The certificate issued by the secretary of state is a public document within the meaning of Section 29(I), sentence 1 of the GBO as the secretary of state constitutes a government body. The signature on the certificate, which must be sealed with an official seal, therefore does not require notarization. Legalization is not required for the certificate to be used in Germany; an apostille is sufficient in this regard (the Hague Convention of October 5, 1961). An apostille, in turn, is issued by the secretary of state, which consequently confirms its own signature on the certificate. The cost for issuing a certificate of good standing including the apostille is approximately $50.

Proof of existence of a company may not be furnished by way of a certificate issued by a notary public because this does not meet the requirements set out in Section 415 of the ZPO and therefore those of Section 12 of the HGB and Section 29 of the GBO. Given the fact that a notary public has no legal training, this individual is not comparable to a German Notar, and there is no equivalent provision to that of Section 21 of the BNotO under US law that would authorize a notary public to issue a notarial certificate constituting conclusive public evidence.

Proof of powers of representation

For statutory purposes, a corporation is represented by its board of directors as a collegial body and, for purposes of legal transactions, it is represented by its officers.

The secretary of state does not have to be continually notified of changes to the way the corporation is represented, therefore the secretary of state is unable to issue any certificate meant to act as proof.

In practice, the secretary’s certificate of incumbency is therefore used as a reference; in this certificate, the company secretary or another officer entrusted with this role initially confirms the due and proper formation of the corporation and its continued existence as well as his or her due and proper election as company secretary. Moreover, this person confirms in the same statement that the acting person has been duly elected as a board member or officer, that the acting person continues to hold this office, and that this person is entitled to represent the corporation in the transaction in question and the fact that the corporation is bound by this.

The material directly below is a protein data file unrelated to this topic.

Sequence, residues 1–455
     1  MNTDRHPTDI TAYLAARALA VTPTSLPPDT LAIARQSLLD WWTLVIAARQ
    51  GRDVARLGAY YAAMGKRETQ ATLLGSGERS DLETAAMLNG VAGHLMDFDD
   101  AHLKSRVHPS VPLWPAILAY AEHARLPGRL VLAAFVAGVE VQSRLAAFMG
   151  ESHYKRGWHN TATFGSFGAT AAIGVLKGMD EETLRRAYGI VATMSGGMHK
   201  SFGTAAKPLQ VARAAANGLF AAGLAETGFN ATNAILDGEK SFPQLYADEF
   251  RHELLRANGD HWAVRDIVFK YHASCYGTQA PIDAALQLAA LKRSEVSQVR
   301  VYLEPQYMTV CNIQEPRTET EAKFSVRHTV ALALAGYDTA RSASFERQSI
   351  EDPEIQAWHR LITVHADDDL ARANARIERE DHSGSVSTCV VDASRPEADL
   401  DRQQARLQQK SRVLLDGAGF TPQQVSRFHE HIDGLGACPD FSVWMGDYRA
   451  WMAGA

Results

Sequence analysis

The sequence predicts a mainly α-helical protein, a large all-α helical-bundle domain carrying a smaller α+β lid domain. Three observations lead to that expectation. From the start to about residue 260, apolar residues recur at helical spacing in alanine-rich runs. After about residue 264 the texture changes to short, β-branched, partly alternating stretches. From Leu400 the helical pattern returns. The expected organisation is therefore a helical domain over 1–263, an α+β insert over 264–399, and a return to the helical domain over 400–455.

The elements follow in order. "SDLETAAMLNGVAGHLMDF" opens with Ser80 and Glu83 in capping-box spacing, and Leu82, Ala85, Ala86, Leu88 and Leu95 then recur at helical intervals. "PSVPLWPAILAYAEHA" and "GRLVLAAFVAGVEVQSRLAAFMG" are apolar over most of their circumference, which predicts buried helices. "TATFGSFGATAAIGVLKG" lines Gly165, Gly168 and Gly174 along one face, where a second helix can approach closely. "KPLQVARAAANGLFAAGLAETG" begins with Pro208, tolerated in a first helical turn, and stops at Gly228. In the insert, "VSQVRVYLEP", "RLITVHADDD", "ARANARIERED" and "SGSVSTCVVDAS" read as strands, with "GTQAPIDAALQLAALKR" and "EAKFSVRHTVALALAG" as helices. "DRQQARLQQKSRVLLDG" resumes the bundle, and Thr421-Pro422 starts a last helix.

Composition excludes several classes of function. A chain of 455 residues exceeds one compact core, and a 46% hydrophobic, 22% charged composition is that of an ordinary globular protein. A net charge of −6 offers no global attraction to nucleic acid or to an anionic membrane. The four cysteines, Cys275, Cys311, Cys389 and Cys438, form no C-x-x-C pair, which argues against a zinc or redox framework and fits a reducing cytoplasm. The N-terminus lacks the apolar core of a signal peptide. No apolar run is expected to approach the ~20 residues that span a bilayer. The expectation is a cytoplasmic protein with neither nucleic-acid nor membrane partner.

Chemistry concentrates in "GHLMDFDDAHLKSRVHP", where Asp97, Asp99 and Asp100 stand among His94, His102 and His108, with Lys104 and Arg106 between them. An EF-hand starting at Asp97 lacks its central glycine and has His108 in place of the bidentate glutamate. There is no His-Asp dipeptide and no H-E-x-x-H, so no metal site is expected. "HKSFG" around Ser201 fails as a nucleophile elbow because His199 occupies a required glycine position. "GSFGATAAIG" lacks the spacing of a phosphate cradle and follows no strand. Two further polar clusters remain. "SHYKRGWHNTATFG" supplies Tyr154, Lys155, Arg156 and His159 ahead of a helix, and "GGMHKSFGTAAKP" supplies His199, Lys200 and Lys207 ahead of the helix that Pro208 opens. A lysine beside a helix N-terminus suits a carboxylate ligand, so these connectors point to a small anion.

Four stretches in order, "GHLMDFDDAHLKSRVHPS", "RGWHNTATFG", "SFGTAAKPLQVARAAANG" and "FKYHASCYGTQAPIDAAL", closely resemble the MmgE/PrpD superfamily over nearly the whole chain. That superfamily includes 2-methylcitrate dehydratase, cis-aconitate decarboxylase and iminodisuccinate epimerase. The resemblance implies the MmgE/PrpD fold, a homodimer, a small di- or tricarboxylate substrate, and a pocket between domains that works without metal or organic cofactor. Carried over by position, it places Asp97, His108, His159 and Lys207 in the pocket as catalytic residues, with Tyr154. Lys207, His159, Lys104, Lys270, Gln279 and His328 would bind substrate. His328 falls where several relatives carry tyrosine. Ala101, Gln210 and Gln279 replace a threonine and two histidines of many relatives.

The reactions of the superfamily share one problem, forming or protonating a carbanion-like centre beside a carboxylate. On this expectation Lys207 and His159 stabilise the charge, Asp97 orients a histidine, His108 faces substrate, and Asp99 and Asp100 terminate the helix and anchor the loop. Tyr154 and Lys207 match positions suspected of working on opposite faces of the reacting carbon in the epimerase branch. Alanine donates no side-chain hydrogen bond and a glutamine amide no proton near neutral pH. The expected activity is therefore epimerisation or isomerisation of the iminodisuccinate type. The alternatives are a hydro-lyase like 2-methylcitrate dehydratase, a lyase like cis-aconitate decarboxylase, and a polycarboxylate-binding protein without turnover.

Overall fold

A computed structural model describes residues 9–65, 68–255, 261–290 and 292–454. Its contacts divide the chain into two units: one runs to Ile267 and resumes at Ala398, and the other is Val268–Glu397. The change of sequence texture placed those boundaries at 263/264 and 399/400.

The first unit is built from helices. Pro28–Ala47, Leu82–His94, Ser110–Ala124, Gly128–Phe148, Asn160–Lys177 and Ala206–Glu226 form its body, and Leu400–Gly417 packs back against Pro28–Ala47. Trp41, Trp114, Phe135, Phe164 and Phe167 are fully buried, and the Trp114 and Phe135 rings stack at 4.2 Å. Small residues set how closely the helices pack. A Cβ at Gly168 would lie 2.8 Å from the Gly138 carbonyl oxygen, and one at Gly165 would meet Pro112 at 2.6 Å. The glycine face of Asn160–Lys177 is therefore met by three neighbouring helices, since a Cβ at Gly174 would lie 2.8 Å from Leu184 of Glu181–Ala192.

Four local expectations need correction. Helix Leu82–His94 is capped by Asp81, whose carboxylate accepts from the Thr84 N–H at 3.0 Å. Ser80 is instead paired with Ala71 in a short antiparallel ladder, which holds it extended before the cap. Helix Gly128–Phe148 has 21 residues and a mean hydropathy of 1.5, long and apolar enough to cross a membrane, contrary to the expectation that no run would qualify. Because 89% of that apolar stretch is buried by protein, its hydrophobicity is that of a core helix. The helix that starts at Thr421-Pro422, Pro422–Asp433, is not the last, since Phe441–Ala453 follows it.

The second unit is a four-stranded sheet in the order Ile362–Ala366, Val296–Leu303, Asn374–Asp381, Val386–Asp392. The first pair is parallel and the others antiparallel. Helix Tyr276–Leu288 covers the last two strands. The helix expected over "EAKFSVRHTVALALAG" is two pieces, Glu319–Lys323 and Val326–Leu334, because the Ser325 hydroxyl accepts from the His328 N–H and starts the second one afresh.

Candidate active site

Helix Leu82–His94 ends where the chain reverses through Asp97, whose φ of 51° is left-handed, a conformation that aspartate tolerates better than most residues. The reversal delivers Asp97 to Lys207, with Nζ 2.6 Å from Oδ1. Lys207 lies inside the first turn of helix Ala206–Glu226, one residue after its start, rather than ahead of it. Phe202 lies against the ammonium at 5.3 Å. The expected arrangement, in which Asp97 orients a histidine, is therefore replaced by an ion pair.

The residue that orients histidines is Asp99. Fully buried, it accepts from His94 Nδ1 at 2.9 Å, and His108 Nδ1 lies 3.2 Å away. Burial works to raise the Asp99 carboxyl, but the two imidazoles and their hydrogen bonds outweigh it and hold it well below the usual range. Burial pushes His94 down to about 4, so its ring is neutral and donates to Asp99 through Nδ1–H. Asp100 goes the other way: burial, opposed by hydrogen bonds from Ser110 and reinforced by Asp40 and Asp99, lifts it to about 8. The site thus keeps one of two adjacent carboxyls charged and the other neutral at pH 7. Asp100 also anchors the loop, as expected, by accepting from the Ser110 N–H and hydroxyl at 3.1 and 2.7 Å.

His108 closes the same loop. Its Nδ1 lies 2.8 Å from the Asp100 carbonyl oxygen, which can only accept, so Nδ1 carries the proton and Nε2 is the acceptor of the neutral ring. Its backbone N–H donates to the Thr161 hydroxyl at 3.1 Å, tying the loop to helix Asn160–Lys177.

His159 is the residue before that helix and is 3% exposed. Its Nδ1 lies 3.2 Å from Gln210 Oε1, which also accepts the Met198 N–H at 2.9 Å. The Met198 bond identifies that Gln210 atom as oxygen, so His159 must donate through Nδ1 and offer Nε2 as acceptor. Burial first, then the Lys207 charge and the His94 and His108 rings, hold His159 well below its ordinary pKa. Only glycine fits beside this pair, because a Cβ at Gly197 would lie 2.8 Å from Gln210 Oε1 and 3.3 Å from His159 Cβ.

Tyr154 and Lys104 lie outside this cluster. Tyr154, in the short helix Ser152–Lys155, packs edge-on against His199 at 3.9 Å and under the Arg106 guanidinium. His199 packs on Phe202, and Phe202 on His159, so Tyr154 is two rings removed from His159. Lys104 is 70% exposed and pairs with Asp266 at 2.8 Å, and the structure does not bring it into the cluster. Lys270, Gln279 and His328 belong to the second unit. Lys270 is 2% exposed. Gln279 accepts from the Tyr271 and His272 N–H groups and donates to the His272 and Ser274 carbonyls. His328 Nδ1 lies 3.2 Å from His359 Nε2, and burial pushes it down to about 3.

The company secretary then confirms the information he or she has provided using a notary public, and the notary public certifies the secretary’s signature.

After these steps, the secretary of state confirms the company secretary’s signature is genuine by affixing an apostille. The special conclusive force of this statement derives from the fact that an inaccurate declaration of a power of representation is subject to a penalty under US law.

Proof of existence of a US partnership

The formation documents of a US partnership are not kept by the secretary of state. It is therefore not possible to rely on a certificate of incorporation and good standing to provide proof of a partnership’s existence. For this reason, proof of existence is based on proof of representation. If the company secretary issues a certificate of incumbency to furnish proof of representation, he or she also directly confirms the company’s due and proper formation and continued existence.

Proof of a limited liability company (LLC)

The existence of an LLC, which constitutes a partnership but is structurally akin to a corporation, is also proved by way of a certificate of incorporation. The power of representation derives from the articles of association in that the LLC’s managers have either already been appointed or, in the absence of a management team having been appointed, the partners are in charge of managing the LLC. If a manager is appointed at a later date or if the acting partner has subsequently become a member, proof must be furnished using appropriate documents (change in the articles of association, transfer agreement, partner’s resolution) or, as with a corporation, with a confirmation issued by the company secretary.

The company secretary can attach to this secretary’s certificate certified copies of the articles of incorporation and the board resolutions to demonstrate the certified power of representation.

Conclusion

As shown above, furnishing proof of existence or proof of powers of representation for the German registry process as foreign company, particularly as a US company, is a complicated process that strongly depends on the individual case. It requires carefully checking the company’s foreign legal position to precisely determine how to meet the requirements of Section 12(I), sentence 1 of the HGB and Section 29(I), sentence 1 of the GBO.

dirk.stiller@pwclegal.de